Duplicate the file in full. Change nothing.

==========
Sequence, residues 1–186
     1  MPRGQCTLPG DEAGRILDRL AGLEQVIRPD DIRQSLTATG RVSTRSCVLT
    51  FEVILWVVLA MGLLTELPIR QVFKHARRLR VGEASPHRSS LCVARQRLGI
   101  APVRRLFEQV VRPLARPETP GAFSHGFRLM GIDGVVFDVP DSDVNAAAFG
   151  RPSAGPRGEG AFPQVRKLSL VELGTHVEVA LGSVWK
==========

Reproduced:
Sequence, residues 1–186
     1  MPRGQCTLPG DEAGRILDRL AGLEQVIRPD DIRQSLTATG RVSTRSCVLT
    51  FEVILWVVLA MGLLTELPIR QVFKHARRLR VGEASPHRSS LCVARQRLGI
   101  APVRRLFEQV VRPLARPETP GAFSHGFRLM GIDGVVFDVP DSDVNAAAFG
   151  RPSAGPRGEG AFPQVRKLSL VELGTHVEVA LGSVWK